Urban Teaching Fellowships Have Positive Impact at Chelsea Public Schools
The Van Loan School at Endicott College expanded its Teaching Fellows Master of Education Program in 2017, giving three students – Alexandra Pagano, Emily Paladino, and McKenzie Guevarez – the opportunity to hone their skills within an urban setting in Chelsea, Mass.
The early results have been impressive.
“The teacher candidates are completely over the moon about it,” Aubry Threlkeld, director, graduate teaching licensing programs, said. “This is something they’ve wanted to do. They are having great experiences. Many of them are already being considered for future jobs in the district.”
This important addition to the Endicott Teaching Fellowship has extended the program’s reach through a Massachusetts Department of Elementary and Secondary Education grant, which allows for program development, support from outside consultants, and curricular revisions to better prepare teachers in all areas.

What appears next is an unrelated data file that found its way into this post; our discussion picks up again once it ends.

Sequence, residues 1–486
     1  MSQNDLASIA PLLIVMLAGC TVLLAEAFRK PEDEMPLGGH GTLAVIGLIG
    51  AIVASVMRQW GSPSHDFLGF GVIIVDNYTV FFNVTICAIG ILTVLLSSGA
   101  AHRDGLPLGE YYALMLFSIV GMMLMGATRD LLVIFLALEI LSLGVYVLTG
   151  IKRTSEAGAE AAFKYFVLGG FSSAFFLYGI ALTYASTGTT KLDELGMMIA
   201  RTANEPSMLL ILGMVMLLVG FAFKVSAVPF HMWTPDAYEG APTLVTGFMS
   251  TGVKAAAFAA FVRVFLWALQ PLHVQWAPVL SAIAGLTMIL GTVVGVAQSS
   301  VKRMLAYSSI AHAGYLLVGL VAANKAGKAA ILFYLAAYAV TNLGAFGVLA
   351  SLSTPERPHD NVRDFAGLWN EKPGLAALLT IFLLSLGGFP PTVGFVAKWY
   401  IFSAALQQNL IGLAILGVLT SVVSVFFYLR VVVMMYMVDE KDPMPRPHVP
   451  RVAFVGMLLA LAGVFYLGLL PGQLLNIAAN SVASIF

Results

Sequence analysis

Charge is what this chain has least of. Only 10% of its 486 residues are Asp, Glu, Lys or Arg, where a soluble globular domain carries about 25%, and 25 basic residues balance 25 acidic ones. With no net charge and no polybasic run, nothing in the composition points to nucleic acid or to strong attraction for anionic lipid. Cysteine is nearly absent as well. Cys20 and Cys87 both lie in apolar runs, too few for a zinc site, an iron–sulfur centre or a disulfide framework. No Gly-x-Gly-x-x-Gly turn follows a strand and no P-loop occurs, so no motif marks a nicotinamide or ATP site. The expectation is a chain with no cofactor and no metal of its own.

“Our school districts that are strapped for resources can now count on Endicott College to help provide support for our state’s neediest students,” Threlkeld said.
Through this program, recent undergraduates mature in a year-long field placement before taking a full-time teaching job. Fellowship students may have up to three licenses, a master’s degree, and 3,000-plus hours of experience by the time they graduate, all while completing the hybrid class program – 80 percent online and 20 percent in-person.
“I believe that having the master’s program with the full-day experience is awesome because we’re right away putting those practices we are learning about into our teaching,” Paladino said.
Pagano added: “I thought it would be great to truly be in an environment where I could get the full experience instead of just taking classes. I feel that as a teacher, you learn most of what you know through field work. I love how you get to have that experience.”
While all three Chelsea fellows graduated Endicott College with a bachelor’s degree, 50 percent of applications now come from outside Endicott, helping grow the class size from 14 students a few years ago to being in the 27-30 range annually. And those fellowship students are seeing how the program is preparing teachers schools want and need.
“If I didn’t have this, I feel I wouldn’t be as prepared to help my students,” Guevarez said. “Undergrad does a great job in preparing you for that, but this takes it to the next level.”
Learn more about the Van Loan School at Endicott College’s M.Ed. Teaching Fellows Program.
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